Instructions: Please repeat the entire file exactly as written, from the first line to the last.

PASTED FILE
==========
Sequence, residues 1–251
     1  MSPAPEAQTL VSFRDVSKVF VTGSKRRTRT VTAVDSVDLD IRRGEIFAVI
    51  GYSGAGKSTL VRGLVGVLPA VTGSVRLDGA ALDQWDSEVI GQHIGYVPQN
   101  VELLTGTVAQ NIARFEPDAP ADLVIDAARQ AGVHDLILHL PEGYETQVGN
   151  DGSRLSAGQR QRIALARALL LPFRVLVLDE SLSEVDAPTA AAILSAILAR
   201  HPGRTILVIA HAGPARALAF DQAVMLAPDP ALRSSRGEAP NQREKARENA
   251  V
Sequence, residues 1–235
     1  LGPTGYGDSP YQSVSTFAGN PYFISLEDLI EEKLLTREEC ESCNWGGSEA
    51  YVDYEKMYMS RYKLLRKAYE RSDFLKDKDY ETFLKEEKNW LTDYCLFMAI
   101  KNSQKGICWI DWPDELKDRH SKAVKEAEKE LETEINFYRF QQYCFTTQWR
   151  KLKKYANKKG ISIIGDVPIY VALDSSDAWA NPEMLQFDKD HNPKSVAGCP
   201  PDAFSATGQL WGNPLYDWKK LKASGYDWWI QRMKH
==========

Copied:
Sequence, residues 1–251
     1  MSPAPEAQTL VSFRDVSKVF VTGSKRRTRT VTAVDSVDLD IRRGEIFAVI
    51  GYSGAGKSTL VRGLVGVLPA VTGSVRLDGA ALDQWDSEVI GQHIGYVPQN
   101  VELLTGTVAQ NIARFEPDAP ADLVIDAARQ AGVHDLILHL PEGYETQVGN
   151  DGSRLSAGQR QRIALARALL LPFRVLVLDE SLSEVDAPTA AAILSAILAR
   201  HPGRTILVIA HAGPARALAF DQAVMLAPDP ALRSSRGEAP NQREKARENA
   251  V
Sequence, residues 1–235
     1  LGPTGYGDSP YQSVSTFAGN PYFISLEDLI EEKLLTREEC ESCNWGGSEA
    51  YVDYEKMYMS RYKLLRKAYE RSDFLKDKDY ETFLKEEKNW LTDYCLFMAI
   101  KNSQKGICWI DWPDELKDRH SKAVKEAEKE LETEINFYRF QQYCFTTQWR
   151  KLKKYANKKG ISIIGDVPIY VALDSSDAWA NPEMLQFDKD HNPKSVAGCP
   201  PDAFSATGQL WGNPLYDWKK LKASGYDWWI QRMKH